Music from Macbeth is a 1972 album by progressive-rock band Third Ear Band. It consists of the soundtrack from Roman Polanski's 1971 film Macbeth, an adaptation of Shakespeare's The Tragedy of Macbeth.
Third Ear Band was the second album by the Third Ear Band, released in 1970. It consists of four improvised pieces, "Air", "Earth", "Fire", and "Water", and is therefore sometimes known as "Elements".
Alchemy is an album released in 1969 by the Third Ear Band. This band reveals an eclectic, colourful, inspired musical "mantra", a multi influenced musical profile and consequently difficult to classify in a specific subgenre. "Alchemy" develops an achieved sense of multi-influences dialogue. All tracks are composed according to the same model, making the emphasis on sustained motifs (for oboe or violin).
The holistic theatre of movement "S" is working on the holistic pedagogy principles. Its main goal is looking for balance, light, novelty, truth, sensation depth, i.e. creation of the HONEST art through looking for depth inside, creating ones own world, interrelating and interconnecting all the universal things into the whole. The music on this album combines ambient electronica with sounds of nature and heavenly vocal. If you're looking for an atmospheric, relaxing album, you will enjoy "Third Ear"…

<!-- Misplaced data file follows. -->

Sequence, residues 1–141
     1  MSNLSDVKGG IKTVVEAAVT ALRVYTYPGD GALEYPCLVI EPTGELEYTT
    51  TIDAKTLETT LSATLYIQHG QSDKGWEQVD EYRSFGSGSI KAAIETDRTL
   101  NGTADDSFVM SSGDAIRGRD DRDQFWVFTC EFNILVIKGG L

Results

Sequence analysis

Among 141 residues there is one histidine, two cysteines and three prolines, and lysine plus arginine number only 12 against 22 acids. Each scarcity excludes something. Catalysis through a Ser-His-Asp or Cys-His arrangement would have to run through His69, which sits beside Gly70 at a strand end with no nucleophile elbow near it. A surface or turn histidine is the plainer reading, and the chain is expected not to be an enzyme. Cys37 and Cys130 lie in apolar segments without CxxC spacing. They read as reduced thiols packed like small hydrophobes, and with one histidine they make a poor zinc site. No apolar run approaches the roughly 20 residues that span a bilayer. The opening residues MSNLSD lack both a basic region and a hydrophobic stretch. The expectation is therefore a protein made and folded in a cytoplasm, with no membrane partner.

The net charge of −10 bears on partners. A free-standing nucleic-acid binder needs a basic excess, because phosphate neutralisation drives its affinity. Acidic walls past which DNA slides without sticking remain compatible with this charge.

Stephen Paulus was an astonishingly prolific fixture of the American music scene, with some 600 works to his credit. His sudden death in 2014 left classical music—particularly the worlds of opera and choral music—significantly the poorer, so it’s inevitable that we should see his legacy memorialised with new additions to the catalogue. Royal Holloway’s ‘Calm on the Listening Ear of Night’ sets Paulus’s music in dialogue with another Midwestern composer, René Clausen. It’s Clausen whose musical personality emerges most strongly here in these precise performances. His works offer a distinctively American spin on the fashionable Baltic sound world of Ešenvalds and Vasks that is as appealing as it is generous. In pace, which opens the disc, offers eight minutes of lushly filmic excess.